10 Things You Didn’t Know About Recycling

Recycling is one of the best ways for us Aussies to clean up our country, reduce our carbon footprint and help the environment. Here are 10 tips to make sure you’re recycling the right way.

The rules for recycling vary depending on your state and local municipal council. But we unearthed 10 tips that are relevant no matter where you live in Australia. Here’s our advice on how to recycle right every single time.

1 - Take off bottle tops

Bottles and jars are recyclable, but what about the tops? Unless your local council says otherwise, remove and discard all plastic bottle tops as they can cause issues with the recycling process. Steel (twist) top lids from beer and wine bottles are recyclable but they’re too small to go into the recycling bin by themselves. You’ll need to remove them and place them inside an empty steel can, building up a collection until the can is half full. Before placing the can in the bin, pinch it closed so the bottle tops can’t fall out.

Recycling plastic bottle tops

2 - Save your electronics

Mobile phones, laptop computers, TVs, ink cartridges – our technology footprint really is getting bigger everyday. Don’t throw electronics in your regular recycling bin as there are special rules for disposing of this type of electronic waste. Ask your local council for more information or get in touch with a free e-waste service or charity that will use the parts to build resources for developing communities. You can even recycle things like mobile phones and printer cartridges through Australia Post. Find a complete list of services close by at Planet Ark’s Recycling Near You website.

Recycling electronic mobile devices

3 - Don’t dump batteries

Batteries contain hazardous chemicals. We need to dispose of them responsibly so they don’t end up in landfill where harmful substances can leak into the earth. Participate in a dedicated battery collection program so that the toxic parts can be safely disposed of and the reusable elements can be recycled. Visit the Australian Battery Recycling Initiative to find out more.

Recycling batteries

4- Collect plastic bags

Plastic bags and other flexible plastic packaging are number one offenders when it comes to pollution in our oceans and causing harm to beautiful sea life. They’re not usually included in your council’s curbside recycling program, but you can recycle these by using a free additional service, like REDcycle. This Australia-wide supermarket-based recycling program will help you dispose of your flexible plastic, like squeeze pouches, wrappers, sachets, bubble wrap and more, responsibly.

Recycling plastic bags

5 - Clean your containers

If a recyclable material is contaminated with food it can ruin your good recycling efforts. It doesn’t need to be spotless, though, so just give everything a good rinse before putting it into the recycling bin. And your old pizza boxes? They’re so hard to clean properly that many council programs don’t accept pizza boxes at all. Check before placing them in the bin, and make sure you clean out any food scraps. Here’s a handy guide from Planet Ark.

Recycling containers

6 - How about chemicals and aerosol cans?

If your aerosol can is empty, it’s recyclable so pop it into your council bin, but if it’s full it’s regarded as a household chemical, and there are special rules for these! Most states and territories have drop-off centres and individual disposal days for household chemicals such as paint, bleach, unfinished aerosols and more. Here’s a list of free services, or call your local council to see what’s on offer for you.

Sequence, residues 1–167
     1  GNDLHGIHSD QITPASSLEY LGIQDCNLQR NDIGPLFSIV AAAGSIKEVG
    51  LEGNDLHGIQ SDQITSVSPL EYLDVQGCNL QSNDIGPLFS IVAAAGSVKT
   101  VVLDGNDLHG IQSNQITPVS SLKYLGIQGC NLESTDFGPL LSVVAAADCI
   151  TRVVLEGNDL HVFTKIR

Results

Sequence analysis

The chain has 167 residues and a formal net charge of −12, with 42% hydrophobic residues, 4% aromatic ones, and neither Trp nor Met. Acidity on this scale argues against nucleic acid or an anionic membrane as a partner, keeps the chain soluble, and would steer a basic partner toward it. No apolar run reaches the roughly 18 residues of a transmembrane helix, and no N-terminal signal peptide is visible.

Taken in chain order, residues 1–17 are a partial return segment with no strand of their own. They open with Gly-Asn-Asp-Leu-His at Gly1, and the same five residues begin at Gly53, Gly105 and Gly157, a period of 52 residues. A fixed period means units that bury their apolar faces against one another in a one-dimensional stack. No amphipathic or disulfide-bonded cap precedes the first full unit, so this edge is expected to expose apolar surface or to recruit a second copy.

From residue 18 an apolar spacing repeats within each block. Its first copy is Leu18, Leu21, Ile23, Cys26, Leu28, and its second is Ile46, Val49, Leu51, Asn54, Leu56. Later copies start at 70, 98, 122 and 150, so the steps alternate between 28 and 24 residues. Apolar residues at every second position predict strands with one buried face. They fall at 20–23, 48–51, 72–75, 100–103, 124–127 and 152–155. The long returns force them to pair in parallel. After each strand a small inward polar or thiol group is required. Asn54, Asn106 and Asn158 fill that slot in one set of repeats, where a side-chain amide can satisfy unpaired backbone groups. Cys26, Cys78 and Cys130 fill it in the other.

Recycling aerosol cans

7 - Scrunch aluminium foil

In Australia, we’re great at recycling our aluminium cans – over two billion are recycled every year, but did you know you can also recycle your aluminium foil and wrapping paper? First, it’s important to make sure it’s clean of food residue so it doesn’t contaminate the rest of your recycling. Then just scrunch it up into a fist-sized ball so the magnetic sorting mechanisms at the recycling plant can detect it easily and throw it in the right bin.

Recycling aluminium

8 -  Contribute to your council’s compost

Composting, mulching and worm farming are the best ways for households to dispose of organic waste, but if you can’t do this yourself you can still dispose of your organic waste responsibly. If you have a green-lidded bin service, ask you local council if you can add fruit and vegetable scraps to this, otherwise there are other green waste services available. These are all area specific, so contact your local council to find out more or visit Love Food Hate Waste.

Compost for community gardens

9 - Keep coffee pods

Australians use around 3 million single-serve coffee pods a day and most of them end up in landfill. But did you know these items are recyclable? Like bottle tops, they’re too small for regular recycling plants to process, but there are recycling programs for brands like Nespresso and NESCAFÉ that are dedicated to ensuring these items don’t hurt the environment. You can even recycle coffee pods through Australia Post!

Recycling coffee capsules

10 - Recycle beauty products

You can recycle almost anything, and this includes toiletries, oral care products like toothbrushes and toothpaste, and even beauty products and make-up. Again, these items shouldn’t be included in your regular kerbside recycling bin, but organisations like TerraCycle provide access to a great range of free programs for these products all over Australia.

Recycling beauty products

If you’re not sure about whether or not you should be recycling a certain item, call your local council and ask or check out their website. Still not sure? You can recycle everything from corks to mattresses to clothes if you find the right place. Planet Ark’s Recycling Near You is the go-to database for Aussies looking to recycle responsibly. Check it out or download the app.